And if the sound is merely likened to darkness, where light no longer creeps between the door left ajar, or the seam between the floor and the locked metal gate, then how are we to recognize the silence of strangled light left abandoned in the loneliness of a world uncaring?

The din of distant darkness is precisely that foreboding sense of what may happen, but based upon “something”, as opposed to a baseless muttering of convictions unfounded when we suddenly “lose it” and cannot extricate ourselves from the frenzy of our own lies.  Much of life is about lying – not necessarily to others (although, we do that often enough, as well), but more to ourselves in order to shield our own fragile psyche from the fears we want to avoid.  But even darkness seen in the distant horizon comes creeping towards us, whether we want it to, or not.

How we nestle in the fears of our own making, or struggle against the timeless reverberations of anxieties unstated and never confessed, is the foundation of what makes for successful living, or failed attempts to conceal the cacophony of numbing onslaughts of life.  Yes, the din of distant darkness is yet merely a warning some months, years or decades away; but for Federal and Postal employees who already have a sense of what is coming, and the inevitability of life’s misgivings, the indicators are probably already there:  a medical condition that will not go away; the intersecting impact between the medical condition and the ability to perform the essential elements of the Federal or Postal position; and the question:  How long can I last?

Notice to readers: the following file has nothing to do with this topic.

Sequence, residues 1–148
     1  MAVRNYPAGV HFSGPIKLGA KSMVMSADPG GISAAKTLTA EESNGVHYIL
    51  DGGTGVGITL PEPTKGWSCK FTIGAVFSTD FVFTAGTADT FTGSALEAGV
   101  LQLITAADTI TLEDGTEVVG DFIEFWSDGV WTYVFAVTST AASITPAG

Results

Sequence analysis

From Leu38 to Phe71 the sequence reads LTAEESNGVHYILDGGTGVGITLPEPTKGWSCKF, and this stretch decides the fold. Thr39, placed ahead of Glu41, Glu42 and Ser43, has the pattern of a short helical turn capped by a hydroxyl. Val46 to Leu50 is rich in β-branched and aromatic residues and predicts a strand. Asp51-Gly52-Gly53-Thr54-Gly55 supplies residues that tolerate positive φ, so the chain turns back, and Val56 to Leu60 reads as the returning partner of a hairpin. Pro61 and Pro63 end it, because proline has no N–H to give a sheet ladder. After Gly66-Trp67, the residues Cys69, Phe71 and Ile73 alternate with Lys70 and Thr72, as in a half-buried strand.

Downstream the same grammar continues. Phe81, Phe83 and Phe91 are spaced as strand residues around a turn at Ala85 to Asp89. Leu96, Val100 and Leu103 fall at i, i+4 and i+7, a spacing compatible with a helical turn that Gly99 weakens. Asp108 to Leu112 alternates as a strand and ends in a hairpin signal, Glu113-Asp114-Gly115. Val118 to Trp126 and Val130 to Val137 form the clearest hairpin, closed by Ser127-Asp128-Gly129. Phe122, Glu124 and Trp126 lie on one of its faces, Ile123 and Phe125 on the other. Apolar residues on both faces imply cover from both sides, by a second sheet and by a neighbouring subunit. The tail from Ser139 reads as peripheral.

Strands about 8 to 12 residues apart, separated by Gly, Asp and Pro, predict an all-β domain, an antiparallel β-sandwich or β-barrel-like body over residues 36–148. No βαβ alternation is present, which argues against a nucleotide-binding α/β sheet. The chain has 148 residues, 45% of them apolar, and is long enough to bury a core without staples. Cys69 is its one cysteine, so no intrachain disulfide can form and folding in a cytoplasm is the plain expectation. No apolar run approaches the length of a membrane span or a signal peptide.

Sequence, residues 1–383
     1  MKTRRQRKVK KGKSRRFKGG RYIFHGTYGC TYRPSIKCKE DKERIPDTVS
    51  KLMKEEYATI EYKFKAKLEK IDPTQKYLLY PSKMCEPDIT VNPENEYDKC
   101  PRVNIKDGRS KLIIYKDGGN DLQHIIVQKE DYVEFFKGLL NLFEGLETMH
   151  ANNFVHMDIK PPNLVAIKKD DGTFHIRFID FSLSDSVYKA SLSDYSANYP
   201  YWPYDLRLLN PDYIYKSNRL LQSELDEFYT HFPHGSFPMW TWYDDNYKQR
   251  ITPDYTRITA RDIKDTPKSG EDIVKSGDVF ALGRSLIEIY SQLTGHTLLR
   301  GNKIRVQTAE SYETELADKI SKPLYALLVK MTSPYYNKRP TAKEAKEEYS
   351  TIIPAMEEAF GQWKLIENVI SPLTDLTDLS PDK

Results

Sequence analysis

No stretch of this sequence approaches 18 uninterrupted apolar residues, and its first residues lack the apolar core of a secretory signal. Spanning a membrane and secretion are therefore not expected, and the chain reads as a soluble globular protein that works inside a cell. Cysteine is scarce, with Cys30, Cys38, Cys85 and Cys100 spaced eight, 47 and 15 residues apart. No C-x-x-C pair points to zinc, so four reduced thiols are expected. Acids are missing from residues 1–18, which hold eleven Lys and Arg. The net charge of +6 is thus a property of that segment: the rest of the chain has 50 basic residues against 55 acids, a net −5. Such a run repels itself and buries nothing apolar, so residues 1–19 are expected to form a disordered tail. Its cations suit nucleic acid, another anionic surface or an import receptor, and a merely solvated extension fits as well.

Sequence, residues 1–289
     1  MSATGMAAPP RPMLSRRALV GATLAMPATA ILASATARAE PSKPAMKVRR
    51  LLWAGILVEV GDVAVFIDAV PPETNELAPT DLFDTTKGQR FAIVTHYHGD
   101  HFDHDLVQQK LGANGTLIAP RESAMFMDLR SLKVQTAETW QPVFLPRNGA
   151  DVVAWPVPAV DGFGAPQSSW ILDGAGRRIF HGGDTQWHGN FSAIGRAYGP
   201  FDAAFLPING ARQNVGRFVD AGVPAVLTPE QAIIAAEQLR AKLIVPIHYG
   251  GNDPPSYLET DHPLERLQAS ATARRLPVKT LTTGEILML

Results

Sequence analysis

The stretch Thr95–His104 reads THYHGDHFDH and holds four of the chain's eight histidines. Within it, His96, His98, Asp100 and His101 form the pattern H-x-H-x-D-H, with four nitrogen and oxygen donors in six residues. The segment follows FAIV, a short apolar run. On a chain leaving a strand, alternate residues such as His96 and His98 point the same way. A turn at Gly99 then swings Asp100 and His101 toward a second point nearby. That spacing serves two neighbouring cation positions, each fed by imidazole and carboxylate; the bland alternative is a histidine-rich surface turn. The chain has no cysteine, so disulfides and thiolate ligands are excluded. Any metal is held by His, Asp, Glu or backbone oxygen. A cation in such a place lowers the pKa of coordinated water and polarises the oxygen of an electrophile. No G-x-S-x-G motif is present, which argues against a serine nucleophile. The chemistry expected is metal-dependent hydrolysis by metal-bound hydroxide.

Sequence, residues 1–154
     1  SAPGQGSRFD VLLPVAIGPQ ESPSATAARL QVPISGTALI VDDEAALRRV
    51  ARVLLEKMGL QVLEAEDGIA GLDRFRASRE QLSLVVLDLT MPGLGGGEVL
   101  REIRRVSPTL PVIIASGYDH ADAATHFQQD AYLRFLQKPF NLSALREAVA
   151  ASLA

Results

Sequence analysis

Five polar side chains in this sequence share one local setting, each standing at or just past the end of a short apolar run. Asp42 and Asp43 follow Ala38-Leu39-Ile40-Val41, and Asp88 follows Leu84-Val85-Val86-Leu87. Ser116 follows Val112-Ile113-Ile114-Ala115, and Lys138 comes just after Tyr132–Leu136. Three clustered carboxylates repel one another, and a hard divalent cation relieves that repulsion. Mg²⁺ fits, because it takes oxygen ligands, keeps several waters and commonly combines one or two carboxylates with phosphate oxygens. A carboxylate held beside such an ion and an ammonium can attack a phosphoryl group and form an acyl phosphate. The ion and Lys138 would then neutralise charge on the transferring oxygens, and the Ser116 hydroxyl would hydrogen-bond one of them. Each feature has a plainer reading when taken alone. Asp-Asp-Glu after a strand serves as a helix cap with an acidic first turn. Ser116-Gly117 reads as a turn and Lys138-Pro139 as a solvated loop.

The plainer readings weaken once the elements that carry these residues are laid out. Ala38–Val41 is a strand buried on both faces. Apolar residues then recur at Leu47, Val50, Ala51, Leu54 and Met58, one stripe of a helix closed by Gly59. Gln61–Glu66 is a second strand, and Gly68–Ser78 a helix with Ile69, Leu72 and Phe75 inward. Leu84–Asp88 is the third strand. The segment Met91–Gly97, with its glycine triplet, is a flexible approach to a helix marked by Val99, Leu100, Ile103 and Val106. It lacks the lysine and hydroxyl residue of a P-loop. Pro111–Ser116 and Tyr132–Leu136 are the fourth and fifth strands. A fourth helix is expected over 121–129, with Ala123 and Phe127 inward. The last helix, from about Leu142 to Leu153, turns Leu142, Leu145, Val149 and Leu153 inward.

For Federal employees and U.S. Postal workers who need to start considering the process of preparing an effective Federal Disability Retirement application, to be filed with the U.S. Office of Personnel Management, whether the Federal or Postal employee is under FERS, CSRS or CSRS Offset, the din of distant darkness should never be avoided; for, in the end, it will come upon you like a thief in the night, stealthily, and without regard, just as your agency and closest coworkers and supervisors will turn the other eye even when the oncoming rush is about to hit you in a sudden fit of uncaring actions.

Sincerely,

Robert R. McGill, Esquire

 

Medical Removal and/or Retirement from Federal Position: The cultivated soul

The loss in Western Civilization of the pursuance of Truth (note the capitalization of the term, in contradistinction from the mundane daily tropes of common factual observations, such as the classic example of pointing to an object and making a declarative utterance, for purely identification’s sake) has resulted in a vacuum of sorts; the consequences reverberate by group identification and causes aggregated based upon preference and subjective elevation of all things decadent.

No one ever talks about the angels of yore; or of the priority of character, and whether the intellect should rule, the appetitive would be subjugated, and the passions controlled.  All animals have equal rights (or so my dogs always believed, anyway, as if there was ever any question in the household); and the human species no longer retains the lofty position once held, where angels sometimes visited and the gods would intervene in playful fits with fated concubines.